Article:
Disruption is hitting the legal services market. Over time, that disruption will fundamentally change the market for entry-level JDs and for the law schools that educate them. There is time, however, for law schools to change. But the window of opportunity will not remain open forever. As my co-author, Michael Horn, and I explain in our new white paper, “Disrupting law school,” law schools should begin now to set themselves up as the disruptor. That would involve offering online, competency-based education programs that train students to provide legal services, not necessarily to be a JD, and shoring up the place-based education with extensive training in the lawyering competencies necessary for 21st-century lawyers.
The building blocks for disruptive innovations in the broader field of higher education are materializing and soon these or other disruptors will turn their sights to legal education. As we have seen in industry after industry, competition is not limited to current market players. In fact, the chief digital officer of the Metropolitan Museum of Art considers its biggest competition to be Netflix and Candy Crush, not the MoMA or the Guggenheim.
A variety of potential disruptors, all powered at least in part through some form of online learning, are also emerging in higher education. From coding bootcamps that blend online and face-to-face learning to online course providers, and from providers of modules of online content to online, competency-based programs, there is no shortage of organizations serving nonconsumers of traditional higher education. These disruptors bring flexibility, convenience, and often affordability to higher education. And, propelled by a variety of new technologies, business models, and teaching pedagogies, they are positioned to change the status quo.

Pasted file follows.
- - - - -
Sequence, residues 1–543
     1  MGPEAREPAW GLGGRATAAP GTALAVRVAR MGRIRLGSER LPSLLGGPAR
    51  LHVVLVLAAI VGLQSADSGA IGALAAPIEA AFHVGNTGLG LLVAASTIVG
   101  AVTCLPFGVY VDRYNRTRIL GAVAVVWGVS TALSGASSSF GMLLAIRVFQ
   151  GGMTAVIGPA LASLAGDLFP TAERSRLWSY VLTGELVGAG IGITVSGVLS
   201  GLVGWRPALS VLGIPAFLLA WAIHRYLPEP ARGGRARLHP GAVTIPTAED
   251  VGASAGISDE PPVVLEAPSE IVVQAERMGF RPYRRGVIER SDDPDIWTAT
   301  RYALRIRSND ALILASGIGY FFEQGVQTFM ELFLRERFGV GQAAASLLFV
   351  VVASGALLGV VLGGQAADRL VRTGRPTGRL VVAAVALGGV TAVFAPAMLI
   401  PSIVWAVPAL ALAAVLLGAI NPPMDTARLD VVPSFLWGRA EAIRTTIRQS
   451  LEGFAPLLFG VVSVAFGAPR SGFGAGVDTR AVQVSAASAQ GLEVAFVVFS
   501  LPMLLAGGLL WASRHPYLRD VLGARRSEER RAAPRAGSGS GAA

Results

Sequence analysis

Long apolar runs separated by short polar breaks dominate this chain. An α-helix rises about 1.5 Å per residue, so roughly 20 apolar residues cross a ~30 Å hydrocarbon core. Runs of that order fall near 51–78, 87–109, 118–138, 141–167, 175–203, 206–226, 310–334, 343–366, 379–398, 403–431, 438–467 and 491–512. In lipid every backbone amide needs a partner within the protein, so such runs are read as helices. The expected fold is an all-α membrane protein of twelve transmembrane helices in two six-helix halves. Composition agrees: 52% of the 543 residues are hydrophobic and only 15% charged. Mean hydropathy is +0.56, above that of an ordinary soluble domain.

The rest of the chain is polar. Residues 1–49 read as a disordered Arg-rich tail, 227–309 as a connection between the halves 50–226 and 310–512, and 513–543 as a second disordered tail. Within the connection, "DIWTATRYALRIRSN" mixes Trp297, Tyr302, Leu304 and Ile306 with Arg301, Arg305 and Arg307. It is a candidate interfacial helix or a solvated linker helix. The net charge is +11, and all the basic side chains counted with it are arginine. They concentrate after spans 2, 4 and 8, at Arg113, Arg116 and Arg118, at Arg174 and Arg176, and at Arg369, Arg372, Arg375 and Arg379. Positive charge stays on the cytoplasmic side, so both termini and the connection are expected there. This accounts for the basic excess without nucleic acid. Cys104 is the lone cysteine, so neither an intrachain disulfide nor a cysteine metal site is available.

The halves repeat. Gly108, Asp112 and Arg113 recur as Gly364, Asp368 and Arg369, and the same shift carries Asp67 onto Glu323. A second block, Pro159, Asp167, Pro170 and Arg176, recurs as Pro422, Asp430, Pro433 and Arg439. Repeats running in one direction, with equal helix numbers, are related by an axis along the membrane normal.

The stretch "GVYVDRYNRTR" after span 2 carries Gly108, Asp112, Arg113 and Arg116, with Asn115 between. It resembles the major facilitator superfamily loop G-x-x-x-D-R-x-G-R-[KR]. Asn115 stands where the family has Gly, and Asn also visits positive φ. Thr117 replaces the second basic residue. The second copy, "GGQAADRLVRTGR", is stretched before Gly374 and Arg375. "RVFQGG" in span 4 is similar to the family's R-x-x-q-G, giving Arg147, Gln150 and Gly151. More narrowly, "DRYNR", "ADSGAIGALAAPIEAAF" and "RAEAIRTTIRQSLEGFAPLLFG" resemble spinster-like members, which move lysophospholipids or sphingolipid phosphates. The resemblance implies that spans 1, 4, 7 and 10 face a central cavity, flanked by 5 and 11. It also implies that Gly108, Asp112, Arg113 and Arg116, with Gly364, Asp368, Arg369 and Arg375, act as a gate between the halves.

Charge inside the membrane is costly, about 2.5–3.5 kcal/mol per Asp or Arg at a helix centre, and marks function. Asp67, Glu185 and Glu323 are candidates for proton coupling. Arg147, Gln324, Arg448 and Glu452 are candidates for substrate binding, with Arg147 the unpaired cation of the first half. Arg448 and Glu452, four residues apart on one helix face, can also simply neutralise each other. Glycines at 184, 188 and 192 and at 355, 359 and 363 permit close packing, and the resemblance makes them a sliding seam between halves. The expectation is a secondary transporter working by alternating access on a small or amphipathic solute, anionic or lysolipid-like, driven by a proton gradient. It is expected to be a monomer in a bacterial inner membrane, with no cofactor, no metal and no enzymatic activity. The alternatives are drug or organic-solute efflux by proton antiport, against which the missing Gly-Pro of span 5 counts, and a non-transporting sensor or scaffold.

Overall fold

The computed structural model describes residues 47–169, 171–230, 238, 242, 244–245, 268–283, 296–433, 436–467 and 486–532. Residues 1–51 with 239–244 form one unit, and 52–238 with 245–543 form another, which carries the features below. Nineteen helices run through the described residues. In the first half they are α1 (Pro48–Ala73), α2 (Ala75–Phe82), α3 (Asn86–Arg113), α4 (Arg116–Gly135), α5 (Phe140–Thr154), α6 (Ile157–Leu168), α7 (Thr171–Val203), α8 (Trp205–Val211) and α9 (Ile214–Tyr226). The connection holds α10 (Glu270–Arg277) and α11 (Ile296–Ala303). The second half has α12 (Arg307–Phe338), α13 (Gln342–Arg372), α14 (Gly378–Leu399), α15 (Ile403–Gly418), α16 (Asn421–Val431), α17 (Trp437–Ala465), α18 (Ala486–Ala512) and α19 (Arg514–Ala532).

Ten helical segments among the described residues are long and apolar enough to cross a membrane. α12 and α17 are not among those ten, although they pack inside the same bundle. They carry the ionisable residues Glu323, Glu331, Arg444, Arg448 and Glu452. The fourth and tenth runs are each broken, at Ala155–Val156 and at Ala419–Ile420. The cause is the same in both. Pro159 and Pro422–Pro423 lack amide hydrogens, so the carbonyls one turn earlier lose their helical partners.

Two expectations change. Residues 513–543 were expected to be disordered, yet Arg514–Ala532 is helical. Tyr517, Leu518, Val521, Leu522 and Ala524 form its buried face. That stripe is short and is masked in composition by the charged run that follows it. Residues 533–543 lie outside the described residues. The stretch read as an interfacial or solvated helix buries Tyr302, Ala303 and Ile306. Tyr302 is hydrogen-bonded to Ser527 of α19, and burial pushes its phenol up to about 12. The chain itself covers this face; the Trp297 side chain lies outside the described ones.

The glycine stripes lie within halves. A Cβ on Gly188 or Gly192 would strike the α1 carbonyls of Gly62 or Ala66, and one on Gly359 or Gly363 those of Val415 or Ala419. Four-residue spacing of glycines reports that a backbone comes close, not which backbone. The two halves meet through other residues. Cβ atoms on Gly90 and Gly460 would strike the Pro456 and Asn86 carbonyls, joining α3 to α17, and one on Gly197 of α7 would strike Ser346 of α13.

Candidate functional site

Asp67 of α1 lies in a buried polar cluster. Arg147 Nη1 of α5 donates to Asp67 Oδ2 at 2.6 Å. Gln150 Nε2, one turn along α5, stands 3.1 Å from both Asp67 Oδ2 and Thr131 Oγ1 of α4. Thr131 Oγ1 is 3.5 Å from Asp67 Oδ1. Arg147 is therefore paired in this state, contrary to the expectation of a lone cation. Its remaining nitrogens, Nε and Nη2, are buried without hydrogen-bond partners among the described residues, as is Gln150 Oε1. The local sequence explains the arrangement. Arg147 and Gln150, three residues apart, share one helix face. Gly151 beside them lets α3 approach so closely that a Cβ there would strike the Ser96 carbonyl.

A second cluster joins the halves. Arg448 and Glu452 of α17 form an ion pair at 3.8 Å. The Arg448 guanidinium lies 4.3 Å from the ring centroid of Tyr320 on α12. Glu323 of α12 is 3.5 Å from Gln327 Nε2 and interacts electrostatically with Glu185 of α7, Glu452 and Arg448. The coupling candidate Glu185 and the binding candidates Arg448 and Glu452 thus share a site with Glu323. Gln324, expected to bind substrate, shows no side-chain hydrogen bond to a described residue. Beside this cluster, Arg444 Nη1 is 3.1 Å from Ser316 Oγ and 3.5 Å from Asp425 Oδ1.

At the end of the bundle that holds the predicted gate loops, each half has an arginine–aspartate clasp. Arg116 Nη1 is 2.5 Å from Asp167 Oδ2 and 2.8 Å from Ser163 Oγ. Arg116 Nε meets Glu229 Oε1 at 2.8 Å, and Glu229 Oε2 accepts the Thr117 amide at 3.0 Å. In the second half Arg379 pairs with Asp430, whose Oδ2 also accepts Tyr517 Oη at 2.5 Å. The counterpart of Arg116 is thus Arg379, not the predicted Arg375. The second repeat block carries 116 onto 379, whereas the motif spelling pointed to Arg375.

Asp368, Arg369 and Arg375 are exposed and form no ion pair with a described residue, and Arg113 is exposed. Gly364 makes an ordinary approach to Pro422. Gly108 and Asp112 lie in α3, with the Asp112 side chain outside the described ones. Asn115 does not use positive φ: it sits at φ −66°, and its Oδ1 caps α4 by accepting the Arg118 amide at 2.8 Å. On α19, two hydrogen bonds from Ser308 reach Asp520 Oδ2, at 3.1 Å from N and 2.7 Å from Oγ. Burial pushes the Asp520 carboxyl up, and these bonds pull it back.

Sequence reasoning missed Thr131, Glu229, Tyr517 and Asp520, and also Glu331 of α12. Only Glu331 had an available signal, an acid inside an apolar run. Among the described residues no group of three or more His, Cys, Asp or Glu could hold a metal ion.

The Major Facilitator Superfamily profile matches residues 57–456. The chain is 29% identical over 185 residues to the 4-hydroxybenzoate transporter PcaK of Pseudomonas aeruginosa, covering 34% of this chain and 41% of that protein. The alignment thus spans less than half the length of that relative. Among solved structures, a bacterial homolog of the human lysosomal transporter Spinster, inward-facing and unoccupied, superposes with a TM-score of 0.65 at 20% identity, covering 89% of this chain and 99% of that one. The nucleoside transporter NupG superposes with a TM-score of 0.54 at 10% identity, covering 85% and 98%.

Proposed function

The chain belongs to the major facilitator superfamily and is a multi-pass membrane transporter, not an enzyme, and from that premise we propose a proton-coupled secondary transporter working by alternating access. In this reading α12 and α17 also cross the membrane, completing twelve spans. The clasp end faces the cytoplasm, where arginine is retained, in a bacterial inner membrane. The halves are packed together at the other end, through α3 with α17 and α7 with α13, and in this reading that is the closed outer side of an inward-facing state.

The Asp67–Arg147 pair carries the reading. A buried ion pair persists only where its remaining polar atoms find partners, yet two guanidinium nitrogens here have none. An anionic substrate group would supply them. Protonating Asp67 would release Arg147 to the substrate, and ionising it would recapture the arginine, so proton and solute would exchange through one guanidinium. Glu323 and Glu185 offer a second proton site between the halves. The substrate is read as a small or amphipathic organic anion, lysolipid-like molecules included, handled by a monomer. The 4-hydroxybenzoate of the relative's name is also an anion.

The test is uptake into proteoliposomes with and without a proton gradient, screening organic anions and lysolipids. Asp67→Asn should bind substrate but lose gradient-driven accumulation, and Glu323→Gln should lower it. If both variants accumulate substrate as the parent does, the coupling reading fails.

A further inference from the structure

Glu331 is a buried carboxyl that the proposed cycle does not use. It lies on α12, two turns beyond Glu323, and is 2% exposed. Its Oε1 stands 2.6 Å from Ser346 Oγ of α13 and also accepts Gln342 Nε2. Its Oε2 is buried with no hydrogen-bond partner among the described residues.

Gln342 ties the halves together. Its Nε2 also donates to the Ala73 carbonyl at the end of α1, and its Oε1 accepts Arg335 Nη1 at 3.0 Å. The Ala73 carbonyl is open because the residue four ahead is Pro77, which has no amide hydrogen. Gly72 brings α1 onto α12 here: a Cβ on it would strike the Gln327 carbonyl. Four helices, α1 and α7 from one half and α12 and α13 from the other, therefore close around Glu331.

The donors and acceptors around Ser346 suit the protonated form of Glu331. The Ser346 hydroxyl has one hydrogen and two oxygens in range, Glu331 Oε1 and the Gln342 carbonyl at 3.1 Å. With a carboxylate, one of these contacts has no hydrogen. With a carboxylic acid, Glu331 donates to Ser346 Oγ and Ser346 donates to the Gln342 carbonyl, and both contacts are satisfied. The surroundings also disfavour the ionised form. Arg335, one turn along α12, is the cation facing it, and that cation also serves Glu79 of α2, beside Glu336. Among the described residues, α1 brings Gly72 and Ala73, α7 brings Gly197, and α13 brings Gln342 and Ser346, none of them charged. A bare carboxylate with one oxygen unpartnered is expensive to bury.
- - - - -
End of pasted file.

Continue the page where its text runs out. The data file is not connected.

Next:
Unfortunately, when disruptive innovators get their start, incumbent institutions typically dismiss disruptors—at the start disruptors cannot offer the same quality as incumbents do according to the industry’s traditional metrics of performance. As a consequence, it is easy for incumbents to overlook disruptors.
For example, during the 1970s and 1980s Digital Equipment Corporation (DEC) led the minicomputer industry. But this high-flying company missed and ultimately was destroyed by the personal computer. Because DEC could earn higher and higher margins producing more and more powerful minicomputers for demanding clients, the company had no incentive to pursue PC technology.
But seeing a disruptive opportunity, Apple, one of the pioneers in personal computing, took a different tack. Originally it sold its model IIe computer as a toy to children, who took little notice to its rudimentary capabilities and were delighted to be able to afford a computer at a fraction of the price of a minicomputer.
DEC ignored these early PC’s because they did not compete head on for its higher paying customers. Moreover, early personal computers lacked the processing power to serve DEC’s customer’s needs. Indeed, none of DEC’s existing customers could even use a personal computer for the first years it was on the market because it wasn’t good enough for the problems they needed to solve.